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Dental therapists could be vital to NM health care

We have a dental crisis in New Mexico. Our state is underserved and many areas do not even have a practicing dentist.

Many across our state go without dental care and those who do get care in rural areas have to travel a long way to get it. For several years, I worked as a dentist in Fort Sumner and I treated patients from a lot of areas, to include: Santa Rosa, Roswell, Santa Fe, Vaughn, Albuquerque and some from Texas border towns.

Many of my patients spent several hours in a car each way just to get care at our clinic.

Some came simply because they knew me. Others came because we used a sliding payment scale based on income and didn’t turn anyone away.

Still others couldn’t get an appointment elsewhere.

There are so few dentists, and even fewer who accept Medicaid, and our clinic was their best choice.

By the time they arrived, some had advanced oral disease and most were in desperate need of extractions, partially due to lack of education and poor access to dental care that many could not afford.

This is a sad situation and one that I still see in my current clinic in Artesia – which is located in a shortage area.

Because of our dental shortage, less than half of the children from families in poverty see a dentist. Poor oral health during these early years can create problems that last a lifetime. Many do not make the connection that poor oral health leads to a multitude of overall health issues.

This would be greatly improved by better dental education, which would be taken care of by a mid-level dental provider.

We are in desperate need of a change to make overall health care accessible to all across New Mexico and to increase dental education. By creating a new kind of mid-level practitioner called a dental therapist, we can begin to combat our dental shortage, and make sure New Mexicans receive dental health education and quality dental care.

For years, legislation to create such a health care provider in our state has been introduced; however, there has been opposition.

Many dentists don’t like this idea … and I understand. I was one of them.

When I initially heard about dental therapists, I was incorrectly informed that they were untrained individuals. Luckily, I was afforded the opportunity to see, firsthand, what a dental therapist is, how they are trained and the quality of the treatment they provide.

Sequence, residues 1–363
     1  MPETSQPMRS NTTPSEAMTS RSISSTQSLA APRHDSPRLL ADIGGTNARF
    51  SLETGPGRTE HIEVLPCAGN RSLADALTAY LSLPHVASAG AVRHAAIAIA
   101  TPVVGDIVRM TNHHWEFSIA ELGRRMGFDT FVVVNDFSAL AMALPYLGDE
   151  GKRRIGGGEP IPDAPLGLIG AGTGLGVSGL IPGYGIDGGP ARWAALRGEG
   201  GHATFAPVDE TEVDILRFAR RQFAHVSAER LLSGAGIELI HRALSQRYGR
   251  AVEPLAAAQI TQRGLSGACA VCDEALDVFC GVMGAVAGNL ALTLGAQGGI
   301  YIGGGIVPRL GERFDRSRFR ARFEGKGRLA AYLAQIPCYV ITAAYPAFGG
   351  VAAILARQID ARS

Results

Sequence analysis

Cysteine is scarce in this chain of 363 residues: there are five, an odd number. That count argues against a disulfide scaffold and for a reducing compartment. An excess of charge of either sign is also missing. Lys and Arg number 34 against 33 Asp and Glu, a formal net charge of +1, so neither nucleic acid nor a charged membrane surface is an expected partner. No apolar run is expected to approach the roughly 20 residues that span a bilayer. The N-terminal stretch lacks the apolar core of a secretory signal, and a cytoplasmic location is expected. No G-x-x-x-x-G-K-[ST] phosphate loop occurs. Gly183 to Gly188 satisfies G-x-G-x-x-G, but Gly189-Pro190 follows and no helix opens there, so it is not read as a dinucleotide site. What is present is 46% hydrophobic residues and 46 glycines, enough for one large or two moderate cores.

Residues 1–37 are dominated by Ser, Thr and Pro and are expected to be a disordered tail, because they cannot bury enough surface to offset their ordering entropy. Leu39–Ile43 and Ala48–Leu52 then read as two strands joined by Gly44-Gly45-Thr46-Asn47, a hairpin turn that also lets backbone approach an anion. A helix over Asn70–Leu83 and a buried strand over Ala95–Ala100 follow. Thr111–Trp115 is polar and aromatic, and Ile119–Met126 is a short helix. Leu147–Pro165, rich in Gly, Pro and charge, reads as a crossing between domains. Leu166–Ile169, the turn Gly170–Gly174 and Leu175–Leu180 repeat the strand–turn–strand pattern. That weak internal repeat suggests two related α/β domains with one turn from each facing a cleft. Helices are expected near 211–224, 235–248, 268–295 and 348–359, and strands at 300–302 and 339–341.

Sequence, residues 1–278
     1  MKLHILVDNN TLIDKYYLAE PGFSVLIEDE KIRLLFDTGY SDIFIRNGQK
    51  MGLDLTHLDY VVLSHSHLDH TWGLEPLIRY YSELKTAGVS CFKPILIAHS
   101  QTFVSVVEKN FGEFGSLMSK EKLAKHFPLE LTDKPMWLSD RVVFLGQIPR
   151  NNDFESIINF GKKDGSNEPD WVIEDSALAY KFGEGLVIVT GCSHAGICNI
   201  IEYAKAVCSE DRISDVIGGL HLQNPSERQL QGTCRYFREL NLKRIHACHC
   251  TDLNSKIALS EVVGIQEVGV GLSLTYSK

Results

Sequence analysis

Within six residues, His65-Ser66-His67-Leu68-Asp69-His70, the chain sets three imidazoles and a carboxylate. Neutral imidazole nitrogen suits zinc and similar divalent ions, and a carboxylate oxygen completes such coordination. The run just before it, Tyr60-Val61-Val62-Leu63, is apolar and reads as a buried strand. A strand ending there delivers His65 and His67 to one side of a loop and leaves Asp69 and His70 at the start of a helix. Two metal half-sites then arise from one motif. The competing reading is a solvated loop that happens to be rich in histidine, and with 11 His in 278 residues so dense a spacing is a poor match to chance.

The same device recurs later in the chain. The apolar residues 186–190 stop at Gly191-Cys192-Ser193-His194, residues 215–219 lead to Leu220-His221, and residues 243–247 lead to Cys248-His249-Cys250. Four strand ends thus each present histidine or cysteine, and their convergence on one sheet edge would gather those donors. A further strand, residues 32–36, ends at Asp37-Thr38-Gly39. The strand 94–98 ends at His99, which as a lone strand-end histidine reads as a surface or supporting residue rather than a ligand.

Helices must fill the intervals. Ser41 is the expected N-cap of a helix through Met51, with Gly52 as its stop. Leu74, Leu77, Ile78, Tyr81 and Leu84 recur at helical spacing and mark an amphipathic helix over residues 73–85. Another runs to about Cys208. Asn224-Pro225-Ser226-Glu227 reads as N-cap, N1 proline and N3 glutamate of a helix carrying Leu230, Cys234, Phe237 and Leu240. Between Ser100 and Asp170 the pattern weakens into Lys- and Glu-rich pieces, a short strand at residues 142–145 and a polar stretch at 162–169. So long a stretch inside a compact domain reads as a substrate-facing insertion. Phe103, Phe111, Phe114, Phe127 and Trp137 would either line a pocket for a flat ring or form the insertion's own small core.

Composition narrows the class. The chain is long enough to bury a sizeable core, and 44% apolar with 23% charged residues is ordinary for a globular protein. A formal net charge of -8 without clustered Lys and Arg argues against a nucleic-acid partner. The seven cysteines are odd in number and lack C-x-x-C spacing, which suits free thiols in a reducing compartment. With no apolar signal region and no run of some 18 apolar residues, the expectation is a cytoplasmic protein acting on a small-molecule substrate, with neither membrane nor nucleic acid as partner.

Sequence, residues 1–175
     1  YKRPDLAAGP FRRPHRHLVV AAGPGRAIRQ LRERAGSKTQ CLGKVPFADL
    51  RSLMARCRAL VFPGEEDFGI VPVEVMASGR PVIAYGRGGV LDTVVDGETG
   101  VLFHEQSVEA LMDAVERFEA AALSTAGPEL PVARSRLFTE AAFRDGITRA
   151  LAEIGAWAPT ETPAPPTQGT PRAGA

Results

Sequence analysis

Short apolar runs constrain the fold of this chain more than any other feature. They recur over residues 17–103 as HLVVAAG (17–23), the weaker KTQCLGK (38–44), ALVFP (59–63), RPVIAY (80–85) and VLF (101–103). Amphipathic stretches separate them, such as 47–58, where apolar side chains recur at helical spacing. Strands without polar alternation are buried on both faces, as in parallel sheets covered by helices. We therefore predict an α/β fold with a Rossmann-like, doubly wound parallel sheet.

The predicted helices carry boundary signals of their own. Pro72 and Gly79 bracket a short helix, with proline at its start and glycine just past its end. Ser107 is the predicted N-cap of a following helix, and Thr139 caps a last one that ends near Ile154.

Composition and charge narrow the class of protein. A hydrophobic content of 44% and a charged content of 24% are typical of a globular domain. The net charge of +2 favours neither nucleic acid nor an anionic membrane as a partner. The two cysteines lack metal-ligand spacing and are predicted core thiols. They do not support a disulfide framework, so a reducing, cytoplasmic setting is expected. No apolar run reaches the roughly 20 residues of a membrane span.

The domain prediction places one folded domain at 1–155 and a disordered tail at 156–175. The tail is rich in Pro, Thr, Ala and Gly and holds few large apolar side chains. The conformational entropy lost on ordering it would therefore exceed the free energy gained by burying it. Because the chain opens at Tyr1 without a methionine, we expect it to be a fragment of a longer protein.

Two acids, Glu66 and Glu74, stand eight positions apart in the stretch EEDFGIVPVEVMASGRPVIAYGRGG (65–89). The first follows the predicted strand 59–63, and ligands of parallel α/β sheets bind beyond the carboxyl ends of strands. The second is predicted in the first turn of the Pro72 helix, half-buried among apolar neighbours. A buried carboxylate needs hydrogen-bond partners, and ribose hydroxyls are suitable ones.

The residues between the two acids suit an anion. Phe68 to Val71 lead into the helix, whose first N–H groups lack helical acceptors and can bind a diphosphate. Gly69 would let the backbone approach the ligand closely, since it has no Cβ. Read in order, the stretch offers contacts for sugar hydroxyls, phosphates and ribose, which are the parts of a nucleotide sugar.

Dental therapists are highly trained health care professionals. They typically are selected from their home communities, educated and then return to serve their communities.

They work as part of a team led by a dentist. They don’t do everything a dentist does, but they provide many of the most commonly needed services, starting with dental education, simple fillings and non-surgical extractions.

They perform these tasks with textbook delivery and are a vital part of their patient’s wellness team. I would personally have no hesitation in allowing a dental therapist to perform procedures in my own mouth. Additionally, a dental therapist in my practice would free me up to do more complex dental treatment for more patients.

Following such a model, our state would help to alleviate the strain of our dental shortage and begin providing quality dental care in even the most rural areas. Patients would get better education, more preventive care, and have fewer cavities and less tooth loss as a result.

If dental therapists become a reality in New Mexico, they would add to the dental practice, just as nurse practitioners and physician assistants have done to medicine. I would gladly step forward to work with them, because we need dental therapists on our team.

In summary, a dental therapist is not in competition with a dentist, but rather an adjunct to a dentist and a team player.

This legislative session, there will be a bill to make this happen. I call on my colleagues and the general public to join me in supporting dental therapist legislation. Let’s make this happen in New Mexico – for the overall health of our state.

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